That’s how Cherry did it. His boat was hugging the put-in when he caught the big female out of the shadows. Although it’s his home lake, being an elite pro who spends hundreds of days annually traveling around the country, Cherry doesn’t get to fish Norman as often as he used to. When he hit the water early in 2015, he went straight for the docks near the warm-water outflow to make the most of what time was available.
Cold weather still had most of the boat traffic off the water. Blazing across its surface, with cold spray barely above the freezing point, the trip felt more like skiing down a snow-clad mountain than fishing. He made his way around the lake to numerous docks and likely coves, skipping lures under the man-made objects bass made their beds around.
Cherry had several rods rigged and standing by, with everything from life-size baitfish lures down to small jigheads and wacky-worm rigs. When he found a bass in the cold, clear water, he planted the Power-Poles and cast — and cast, and cast — until he caught the fish. If one lure didn’t work, he laid that rod aside and picked up another, and so and so on, until every option was tried or the fish was brought to the boat.
Cherry said the secret to pushing an individual bass’s buttons is to find the type of lure each particular fish is keen on. Saying that on particular lure works, even in the bathtub-like water near the Marshall Steam Station, isn’t realistic.
“Early February, you’re still catching a lot on the swimbaits, Alabama rigs, jerkbaits, and shallow-running crankbaits,” Cherry said. “Fish start getting off baitfish as you get later into February. They start keying in more on crawfish, staging right outside their spawning areas — brushy piers, drop-offs from 40 feet of water — things like that where, if a cold front comes back in, they can transition right back out very quickly.
“A lot of those fish will go to the beds (in) late February if … they’re running the water plant and the water is in the 60s.”
Like the mansion-loving millionaires along the shoreline, Norman’s swimming residents exude personality.
“They all have different attitudes. They all eat different stuff,” Cherry said.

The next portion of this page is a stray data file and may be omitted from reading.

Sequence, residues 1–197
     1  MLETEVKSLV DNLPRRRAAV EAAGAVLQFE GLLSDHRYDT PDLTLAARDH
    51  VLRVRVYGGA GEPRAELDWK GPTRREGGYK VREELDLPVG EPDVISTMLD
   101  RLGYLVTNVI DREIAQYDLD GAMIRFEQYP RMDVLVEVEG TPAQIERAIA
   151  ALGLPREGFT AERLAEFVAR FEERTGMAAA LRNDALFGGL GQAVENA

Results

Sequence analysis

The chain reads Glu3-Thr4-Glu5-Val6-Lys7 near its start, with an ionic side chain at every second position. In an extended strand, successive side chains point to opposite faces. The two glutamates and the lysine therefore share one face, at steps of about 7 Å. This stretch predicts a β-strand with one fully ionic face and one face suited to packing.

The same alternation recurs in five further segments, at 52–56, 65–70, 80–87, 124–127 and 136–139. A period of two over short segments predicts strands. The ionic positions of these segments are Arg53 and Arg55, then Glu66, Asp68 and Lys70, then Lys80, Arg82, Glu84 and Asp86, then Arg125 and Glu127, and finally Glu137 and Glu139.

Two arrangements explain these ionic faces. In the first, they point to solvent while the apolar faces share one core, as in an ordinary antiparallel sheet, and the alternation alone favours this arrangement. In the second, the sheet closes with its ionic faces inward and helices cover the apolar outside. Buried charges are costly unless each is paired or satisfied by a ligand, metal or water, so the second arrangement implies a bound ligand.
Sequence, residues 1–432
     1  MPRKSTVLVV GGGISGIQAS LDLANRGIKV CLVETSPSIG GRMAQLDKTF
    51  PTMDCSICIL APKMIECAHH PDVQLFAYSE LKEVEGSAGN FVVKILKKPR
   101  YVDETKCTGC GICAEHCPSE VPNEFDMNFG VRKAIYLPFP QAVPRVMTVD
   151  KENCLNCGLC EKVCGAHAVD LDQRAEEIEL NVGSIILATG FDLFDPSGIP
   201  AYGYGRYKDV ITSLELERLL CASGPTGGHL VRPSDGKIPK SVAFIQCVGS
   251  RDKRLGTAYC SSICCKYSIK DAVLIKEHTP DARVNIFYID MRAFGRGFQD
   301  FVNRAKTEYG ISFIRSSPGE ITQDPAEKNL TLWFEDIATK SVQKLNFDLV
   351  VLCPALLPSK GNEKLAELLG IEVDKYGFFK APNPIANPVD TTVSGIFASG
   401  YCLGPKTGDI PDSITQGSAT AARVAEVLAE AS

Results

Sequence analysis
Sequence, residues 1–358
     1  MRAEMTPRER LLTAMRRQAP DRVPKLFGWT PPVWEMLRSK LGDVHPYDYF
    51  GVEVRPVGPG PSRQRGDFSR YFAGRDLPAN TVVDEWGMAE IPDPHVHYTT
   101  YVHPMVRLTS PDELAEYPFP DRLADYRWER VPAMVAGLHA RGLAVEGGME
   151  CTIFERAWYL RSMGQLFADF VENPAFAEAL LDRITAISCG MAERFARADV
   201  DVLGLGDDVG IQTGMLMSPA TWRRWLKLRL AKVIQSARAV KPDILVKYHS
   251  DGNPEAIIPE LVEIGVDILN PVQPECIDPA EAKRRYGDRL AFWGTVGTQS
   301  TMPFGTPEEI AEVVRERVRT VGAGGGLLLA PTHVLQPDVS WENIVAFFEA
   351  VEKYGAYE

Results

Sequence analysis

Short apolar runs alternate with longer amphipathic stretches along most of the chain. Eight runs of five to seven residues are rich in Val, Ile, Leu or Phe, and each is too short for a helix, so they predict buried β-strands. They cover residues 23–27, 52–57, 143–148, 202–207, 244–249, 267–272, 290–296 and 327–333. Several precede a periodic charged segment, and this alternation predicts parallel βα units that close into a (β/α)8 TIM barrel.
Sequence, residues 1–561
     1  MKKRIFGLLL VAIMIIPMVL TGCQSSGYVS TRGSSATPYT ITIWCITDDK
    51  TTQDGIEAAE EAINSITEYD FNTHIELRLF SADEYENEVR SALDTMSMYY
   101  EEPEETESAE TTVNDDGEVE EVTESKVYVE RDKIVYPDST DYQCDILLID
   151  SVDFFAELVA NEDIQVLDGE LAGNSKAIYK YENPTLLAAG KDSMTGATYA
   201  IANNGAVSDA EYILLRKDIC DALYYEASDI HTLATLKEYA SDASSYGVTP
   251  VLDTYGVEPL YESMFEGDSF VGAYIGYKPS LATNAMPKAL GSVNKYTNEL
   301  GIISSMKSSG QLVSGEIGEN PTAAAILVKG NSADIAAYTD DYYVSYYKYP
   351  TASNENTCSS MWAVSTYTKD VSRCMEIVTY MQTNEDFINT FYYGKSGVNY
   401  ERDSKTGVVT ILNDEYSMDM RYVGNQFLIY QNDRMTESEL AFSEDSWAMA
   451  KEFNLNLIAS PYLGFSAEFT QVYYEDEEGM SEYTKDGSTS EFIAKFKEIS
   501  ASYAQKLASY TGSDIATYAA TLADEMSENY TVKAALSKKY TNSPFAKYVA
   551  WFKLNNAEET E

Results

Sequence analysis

While bass are regularly found in the warmer water through the winter, night-time is still the right time to try for one. Cherry said prey species like herring and shad move onto the shallow, rocky areas after dark. If anglers will choose their lures accordingly, they can capitalize on the movement.
The water and the fishing stay hot year-round at Lake Norman. The air above turns cold and anglers have to bundle up, but if they’re willing to put in the effort they can score on a monster largemouth in the shadow of the steam.
HOW TO GET THERE — Lake Norman stretches around 40 miles northward from Cowan’s Ford Dam northwest of Charlotte. The lake has numerous access points, but the warmer waters flowing out of Marshall Steam Station are most easily access from The Pinnacle and McCrary Creek access areas on NC 150 west of Mooresville and I-77 and east of the lake. Midway Marina on the west side of the lake at the NC 150 bridge has a pay ramp.
WHEN TO GO — The warm water concentrates a lot of bass during the winter, so December through early March will find a lot of fish in the waters that are affected by the outflow. When waters around the lake begin to warm during the spring, bass scatter hither and yon.
BEST TECHNIQUES — Look around docks and the shorelines in the first few miles downstream from the NC 150 bridge for early spawners. Beds will appear shiny in the shallow areas if the water and weather conditions cooperate.
FISHING INFO/GUIDES — Bob Curan, Bob’s Fishing Guide Service, 704-402-0770; www.fishnlkn.com; Craig Price, Fish On! Guide Services, 704-996-0946, www.fishlakenorman.com. See also Guides and Charters in Classifieds.
ACCOMMODATIONS — Wingate by Wyndham, Mooresville, 704-664-4900; Sleep Inn & Suites, Mooresville, 704-799-7070.
MAPS — Kingfisher Maps, www.kfmaps.com; Fishing Hot Spots, 800-ALL-MAPS, www.fishinghotspots.com.